The ability of universities to teach in ways that support the success of diverse students is a matter of focused action in many nations, especially those where demographic trends suggest an increasing prevalence of students from groups under-represented in universities. This paper describes findings from research involving three Faculties and a service centre at a university. Ninety-two interviews were undertaken with Māori and Pasifika students using the Critical Incident Technique (CIT). Teaching and other interventions in non-lecture settings based on the Phase 1 interview findings were implemented. A second set of interviews followed to evaluate the impact of the interventions. Results from the interviews are discussed, along with an analysis of more than 1900 student stories of when teaching in non-lecture settings has helped or hindered their success in degree-level studies. Promising practices for university teaching that helps Māori and Pasifika success are described.

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  • Akaoraora'ia te peu 'ā to 'ui tūpuna: Culturally responsive pedagogy for Cook Islands secondary school physical education

    Te Ava, A; Rubie-Davies, C; Airini; Ovens, Alan (2013-08)

    Journal article
    The University of Auckland Library

    This research examines outcomes from introducing cultural values into Cook Islands secondary schools during two cycles of action research comprising planning, implementing, observing and reflecting. The cultural values upon which the physical education lessons were based were: tāueue (participation), angaanga kapiti (cooperation), akatano (discipline), angaanga taokotai (community involvement), te reo Maori Kuki Airani (Cook Islands Maori language), and auora (physical and spiritual wellbeing). The cultural values were believed to be an essential element of teaching physical education but one challenge was how to assist teachers to implement the cultural values into classroom teaching as most participant teachers were not Cook Islanders. Findings from this action research project suggest that while participant teachers and community cultural experts may agree to incorporate cultural values in teaching Cook Islands secondary school students, teachers nonetheless find difficulties in implementing this objective.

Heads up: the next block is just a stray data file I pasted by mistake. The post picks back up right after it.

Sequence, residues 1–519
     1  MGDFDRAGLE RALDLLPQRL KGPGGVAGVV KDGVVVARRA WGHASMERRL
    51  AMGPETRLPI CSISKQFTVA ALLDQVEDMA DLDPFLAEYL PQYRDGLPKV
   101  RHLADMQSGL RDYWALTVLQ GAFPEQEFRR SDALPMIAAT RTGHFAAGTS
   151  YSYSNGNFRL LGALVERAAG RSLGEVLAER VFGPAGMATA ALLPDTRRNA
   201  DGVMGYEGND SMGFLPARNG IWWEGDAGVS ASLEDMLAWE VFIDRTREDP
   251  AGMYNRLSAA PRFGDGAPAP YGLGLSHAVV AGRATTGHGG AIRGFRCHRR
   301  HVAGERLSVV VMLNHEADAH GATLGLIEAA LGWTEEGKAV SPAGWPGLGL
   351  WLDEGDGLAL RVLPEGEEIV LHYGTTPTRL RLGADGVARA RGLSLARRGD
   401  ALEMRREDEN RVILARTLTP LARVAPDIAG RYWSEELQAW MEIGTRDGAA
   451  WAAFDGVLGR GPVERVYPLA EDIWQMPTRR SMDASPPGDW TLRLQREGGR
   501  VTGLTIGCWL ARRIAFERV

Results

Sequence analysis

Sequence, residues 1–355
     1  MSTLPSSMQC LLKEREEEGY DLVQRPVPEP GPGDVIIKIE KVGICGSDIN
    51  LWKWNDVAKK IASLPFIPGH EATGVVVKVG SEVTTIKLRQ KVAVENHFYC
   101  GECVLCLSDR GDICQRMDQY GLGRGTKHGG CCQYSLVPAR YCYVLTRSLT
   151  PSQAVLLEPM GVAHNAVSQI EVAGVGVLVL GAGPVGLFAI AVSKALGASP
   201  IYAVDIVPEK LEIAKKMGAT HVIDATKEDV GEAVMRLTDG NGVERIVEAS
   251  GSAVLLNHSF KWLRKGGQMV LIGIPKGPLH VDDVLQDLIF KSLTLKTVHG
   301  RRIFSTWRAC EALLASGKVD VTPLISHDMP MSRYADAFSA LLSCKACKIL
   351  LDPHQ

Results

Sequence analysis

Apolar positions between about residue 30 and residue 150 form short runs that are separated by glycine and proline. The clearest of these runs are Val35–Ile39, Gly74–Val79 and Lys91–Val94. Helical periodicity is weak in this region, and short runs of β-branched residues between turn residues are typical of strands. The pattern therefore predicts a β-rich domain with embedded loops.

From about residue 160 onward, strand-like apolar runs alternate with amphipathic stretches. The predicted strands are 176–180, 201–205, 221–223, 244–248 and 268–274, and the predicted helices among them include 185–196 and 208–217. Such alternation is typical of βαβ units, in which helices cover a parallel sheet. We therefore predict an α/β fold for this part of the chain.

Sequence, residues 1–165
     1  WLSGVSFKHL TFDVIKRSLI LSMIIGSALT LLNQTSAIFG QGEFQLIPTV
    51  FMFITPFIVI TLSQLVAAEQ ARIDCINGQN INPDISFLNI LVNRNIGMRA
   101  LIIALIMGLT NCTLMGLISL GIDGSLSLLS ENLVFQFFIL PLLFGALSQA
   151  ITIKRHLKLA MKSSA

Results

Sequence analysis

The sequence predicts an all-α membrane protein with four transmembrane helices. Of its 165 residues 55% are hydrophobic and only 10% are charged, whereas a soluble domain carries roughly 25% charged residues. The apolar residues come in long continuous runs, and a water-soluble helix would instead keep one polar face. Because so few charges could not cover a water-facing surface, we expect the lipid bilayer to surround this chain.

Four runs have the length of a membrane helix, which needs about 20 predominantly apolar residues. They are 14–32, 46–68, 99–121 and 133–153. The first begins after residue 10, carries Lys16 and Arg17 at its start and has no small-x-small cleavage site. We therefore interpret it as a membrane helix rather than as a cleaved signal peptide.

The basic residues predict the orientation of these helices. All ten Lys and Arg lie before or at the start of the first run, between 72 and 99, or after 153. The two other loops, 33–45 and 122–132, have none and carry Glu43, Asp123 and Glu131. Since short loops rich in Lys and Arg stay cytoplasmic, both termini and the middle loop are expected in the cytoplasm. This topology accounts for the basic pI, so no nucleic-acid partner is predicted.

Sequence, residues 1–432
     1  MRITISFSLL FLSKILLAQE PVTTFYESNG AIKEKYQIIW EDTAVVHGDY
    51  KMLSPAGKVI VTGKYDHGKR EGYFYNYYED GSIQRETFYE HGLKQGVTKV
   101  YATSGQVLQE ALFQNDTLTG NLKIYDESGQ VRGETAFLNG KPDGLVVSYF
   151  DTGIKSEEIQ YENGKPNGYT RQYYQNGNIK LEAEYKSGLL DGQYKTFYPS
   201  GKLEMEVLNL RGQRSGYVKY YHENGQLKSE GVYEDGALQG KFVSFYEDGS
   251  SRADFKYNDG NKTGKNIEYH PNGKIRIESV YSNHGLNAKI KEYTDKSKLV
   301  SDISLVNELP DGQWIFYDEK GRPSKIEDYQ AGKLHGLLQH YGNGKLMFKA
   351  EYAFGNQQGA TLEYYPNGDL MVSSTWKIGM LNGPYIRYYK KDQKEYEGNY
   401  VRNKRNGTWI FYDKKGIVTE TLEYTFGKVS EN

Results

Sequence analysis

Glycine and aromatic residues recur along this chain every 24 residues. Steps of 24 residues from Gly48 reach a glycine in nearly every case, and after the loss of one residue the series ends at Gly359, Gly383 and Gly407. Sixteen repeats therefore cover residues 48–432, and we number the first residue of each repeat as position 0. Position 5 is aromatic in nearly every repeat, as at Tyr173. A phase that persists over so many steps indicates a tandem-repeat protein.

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  • Success for all: Eroding the culture of power in the one-to-one teaching and learning context

    Rakena, Te Oti; Airini; Brown, Deidre (2016-08)

    Journal article
    The University of Auckland Library

    This study applied a cultural lens to the “expert–novice dyad” (Kennell, 2002, p. 243) and explored the learning experiences of indigenous minorities studying in this context. The purpose of this study was to gather narratives that reflected the nature of teaching practices in the one-to-one studio context. The resulting data presented more complex stories that described how indigenous and minority students participate in the conservatory learning culture. The narratives described strategies for overcoming educational and institutional obstacles, and outlined examples of social practices within their ‘learning culture’ (Hodkinson, Biesta, & James, 2007, p. 419) that students had culturally modified in order to optimize their educational experience. The article examines the notions of critique, resistance, struggle and emancipation in a specific learning culture, a School of Music founded on the European conservatory model.

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  • Tongan secondary students’ conceptions of schooling in New Zealand relative to their academic achievement

    Otunuku, M; Brown, Gavin; Airini (2013)

    Journal article
    The University of Auckland Library

    This study examines the relationship between Tongan students’ attitudes and beliefs towards their school experiences and their academic achievement on the high-stakes National Certificate of Educational Achievement (NCEA) assessments in English and mathematics. Data were obtained from using previously published self-reported inventories on a sample of Tongan senior students in New Zealand secondary schools. Confirmatory factor analysis of students’ conceptions found good fit measurement models for each domain (teaching, learning, and assessment). Structural equation modelling was used to identify the effect of the various beliefs upon students’ total score in each subject and upon internal and externally assessed performance. It was noted that different beliefs became statistically significant predictors of performance, depending on the subject and type of assessment. Nonetheless, all three constructs played some role in at least one subject. A small-to-moderate proportion of variance in NCEA performance could be attributed to student beliefs, suggesting that efforts to help students adopt adaptive beliefs will have beneficial consequences for those students.

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  • Teaching for Student Success: Promising Practices in University Teaching.

    Airini; Curtis, Elana; Townsend, S; Rakeha, T; Brown, D; Sanni, P; Smith, A; Luatua, F; Reynolds, G; Johnson, O (2011)

    Journal article
    The University of Auckland Library

    The ability of universities to teach in ways that support the success of diverse students is a matter of focused action in many nations, especially those where demographic trends suggest an increasing prevalence of students from groups under-represented in universities. This paper describes findings from research involving three Faculties and a service centre at a university. Ninety-two interviews were undertaken with Māori and Pasifika students using the Critical Incident Technique (CIT). Teaching and other interventions in non-lecture settings based on the Phase 1 interview findings were implemented. A second set of interviews followed to evaluate the impact of the interventions. Results from the interviews are discussed, along with an analysis of more than 1900 student stories of when teaching in non-lecture settings has helped or hindered their success in degree-level studies. Promising practices for university teaching that helps Māori and Pasifika success are described.